Exactly how did this change take place? Kuhn and Phelps found that some, but only a minority, of children showed an abrupt shift from predominant use of weak strategies to predominant use of strong strategies. These individuals discovered the best way to approach the problem quite suddenly, their approach took a sharp turn, and they rarely used the poorer strategies again. These children, however, were in the minority. For the majority of children, change took place much more gradually as better strategies increased in frequency and poorer ones decreased. Moreover, this change was not a smooth, continuous one. A better strategy might appear once but then not be used again until several sessions later. Or once this better strategy became predominant, a weak strategy that had not been used for some time might reappear. Change, in other words, was overall in a positive direction, but the progress was not even or constant.
An implication is that change entails two components— consolidation and mastery of the stronger strategies, leading to more frequent usage. and inhibition of the weaker strategies. Both are necessary for success. Much of the evidence from microgenetic studies suggests that the inhibition component may be the more challenging of the two. This conclusion is significant because it reverses previous conceptions of development.
Other studies since the one by Kuhn and Phelps have confirmed these basic findings over a wide range of cognitive tasks, including many that figure prominently in classroom instruction, and age groups. (For reviews of research see Siegler & Crowley, 1991; Kuhn, 1995; Miller & Coyle, 1999; Siegler, 2006). Chen and Siegler (2000), for example, observed changes in frequency of usage among 2-year-olds in the multiple strategies they exhibited to reach a desirable out-of-reach toy—reaching with their hands, asking for an adult's help or using an available tool. Siegler and Chen (1998) observed the strategies of 5-year-olds over time in making judgments about the operation of a balance scale. Alibali (1999) identified and followed over time ten different strategies that third and fourth graders used in solving mathematical equality problems (3 + x = 9). Thornton (1999) studied 5-year-olds playing the game of Twenty Questions.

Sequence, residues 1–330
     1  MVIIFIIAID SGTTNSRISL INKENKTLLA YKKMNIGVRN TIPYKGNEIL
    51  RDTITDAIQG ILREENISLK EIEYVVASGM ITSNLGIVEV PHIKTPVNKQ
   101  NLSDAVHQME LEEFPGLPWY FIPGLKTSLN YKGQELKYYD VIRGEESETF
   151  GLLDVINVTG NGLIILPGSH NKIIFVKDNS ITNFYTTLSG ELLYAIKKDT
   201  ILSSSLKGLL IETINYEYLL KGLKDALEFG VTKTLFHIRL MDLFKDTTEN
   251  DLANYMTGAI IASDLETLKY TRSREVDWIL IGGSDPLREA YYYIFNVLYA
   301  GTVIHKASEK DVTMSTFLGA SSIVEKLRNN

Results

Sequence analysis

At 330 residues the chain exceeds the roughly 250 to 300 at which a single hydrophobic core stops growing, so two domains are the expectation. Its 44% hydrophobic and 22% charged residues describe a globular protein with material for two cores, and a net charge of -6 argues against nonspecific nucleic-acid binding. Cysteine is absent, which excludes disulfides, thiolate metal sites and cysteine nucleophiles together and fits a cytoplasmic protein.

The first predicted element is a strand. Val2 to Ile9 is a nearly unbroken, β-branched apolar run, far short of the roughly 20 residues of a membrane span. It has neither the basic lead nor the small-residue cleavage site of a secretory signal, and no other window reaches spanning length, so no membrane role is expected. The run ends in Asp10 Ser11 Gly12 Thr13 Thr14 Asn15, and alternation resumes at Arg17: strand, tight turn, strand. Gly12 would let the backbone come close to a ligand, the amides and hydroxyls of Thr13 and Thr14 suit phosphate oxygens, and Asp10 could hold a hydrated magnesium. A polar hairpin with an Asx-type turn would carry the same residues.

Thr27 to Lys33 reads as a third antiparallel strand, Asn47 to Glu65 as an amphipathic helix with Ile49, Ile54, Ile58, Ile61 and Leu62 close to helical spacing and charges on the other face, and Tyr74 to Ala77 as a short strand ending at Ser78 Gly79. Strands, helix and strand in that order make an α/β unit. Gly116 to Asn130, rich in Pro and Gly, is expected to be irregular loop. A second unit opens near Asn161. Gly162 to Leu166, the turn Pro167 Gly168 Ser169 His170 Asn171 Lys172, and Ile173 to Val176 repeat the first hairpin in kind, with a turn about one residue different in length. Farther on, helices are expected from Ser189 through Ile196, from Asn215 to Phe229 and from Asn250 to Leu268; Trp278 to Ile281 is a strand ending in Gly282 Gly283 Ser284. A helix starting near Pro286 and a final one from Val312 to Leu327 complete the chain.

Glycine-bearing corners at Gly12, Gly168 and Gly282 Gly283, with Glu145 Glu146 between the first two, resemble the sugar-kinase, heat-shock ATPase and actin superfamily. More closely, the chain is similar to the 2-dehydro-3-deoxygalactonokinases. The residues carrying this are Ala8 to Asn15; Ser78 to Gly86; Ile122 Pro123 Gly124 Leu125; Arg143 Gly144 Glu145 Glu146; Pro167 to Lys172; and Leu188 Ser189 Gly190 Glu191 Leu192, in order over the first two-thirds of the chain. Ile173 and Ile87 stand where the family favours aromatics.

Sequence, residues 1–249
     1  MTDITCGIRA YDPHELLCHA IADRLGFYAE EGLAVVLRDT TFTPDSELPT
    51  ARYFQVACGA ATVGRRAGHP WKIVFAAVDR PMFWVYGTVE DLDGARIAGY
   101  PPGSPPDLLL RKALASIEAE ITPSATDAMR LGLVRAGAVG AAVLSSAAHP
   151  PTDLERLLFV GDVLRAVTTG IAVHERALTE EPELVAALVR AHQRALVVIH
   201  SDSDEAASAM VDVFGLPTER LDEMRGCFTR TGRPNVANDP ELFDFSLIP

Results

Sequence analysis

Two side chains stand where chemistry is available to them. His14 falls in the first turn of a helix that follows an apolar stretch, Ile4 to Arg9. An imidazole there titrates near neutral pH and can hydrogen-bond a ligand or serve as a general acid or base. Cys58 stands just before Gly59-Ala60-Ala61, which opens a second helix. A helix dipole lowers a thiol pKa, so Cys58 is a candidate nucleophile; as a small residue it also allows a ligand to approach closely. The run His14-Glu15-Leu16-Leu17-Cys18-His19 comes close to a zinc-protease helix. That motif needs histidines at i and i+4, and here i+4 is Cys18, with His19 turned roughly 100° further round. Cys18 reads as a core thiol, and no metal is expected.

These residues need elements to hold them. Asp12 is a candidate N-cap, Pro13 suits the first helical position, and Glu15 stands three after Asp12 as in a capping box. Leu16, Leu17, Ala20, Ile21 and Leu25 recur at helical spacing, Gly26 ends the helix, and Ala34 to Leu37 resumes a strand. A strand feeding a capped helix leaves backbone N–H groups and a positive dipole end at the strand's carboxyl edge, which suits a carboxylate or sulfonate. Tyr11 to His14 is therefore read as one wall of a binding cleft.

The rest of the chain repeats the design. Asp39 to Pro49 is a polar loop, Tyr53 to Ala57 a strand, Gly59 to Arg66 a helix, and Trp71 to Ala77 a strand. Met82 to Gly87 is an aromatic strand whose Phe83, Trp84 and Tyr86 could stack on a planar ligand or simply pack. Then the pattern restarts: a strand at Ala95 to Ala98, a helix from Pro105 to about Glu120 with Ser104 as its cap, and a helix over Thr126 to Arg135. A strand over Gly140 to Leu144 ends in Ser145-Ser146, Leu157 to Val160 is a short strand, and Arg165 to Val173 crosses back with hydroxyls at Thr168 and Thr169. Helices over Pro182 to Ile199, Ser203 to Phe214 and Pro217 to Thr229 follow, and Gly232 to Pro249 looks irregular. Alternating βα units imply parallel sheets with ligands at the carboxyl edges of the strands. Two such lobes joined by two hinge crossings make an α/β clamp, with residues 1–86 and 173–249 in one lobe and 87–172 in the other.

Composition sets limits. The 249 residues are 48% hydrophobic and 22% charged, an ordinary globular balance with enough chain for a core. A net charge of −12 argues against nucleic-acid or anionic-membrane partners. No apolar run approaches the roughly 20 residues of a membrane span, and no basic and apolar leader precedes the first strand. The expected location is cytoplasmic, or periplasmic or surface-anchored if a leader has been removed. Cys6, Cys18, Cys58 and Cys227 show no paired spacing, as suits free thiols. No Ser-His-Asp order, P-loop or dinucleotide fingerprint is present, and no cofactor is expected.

Not only did she see strategy change over time; she also found that the type of strategy that was initially predominant was predictive of the degree of progress children showed. Children who initially asked only entirely specific questions (“Is it the red car?”) were less likely to progress than were those who initially included at least some less specific questions (e.g., “Is it the car?”) in their repertories. These were the children most likely to progress to consistent usage of the most effective strategies (e.g., “Is it one of the cars?”) Other studies have similarly found initial variability to be a predictor of change.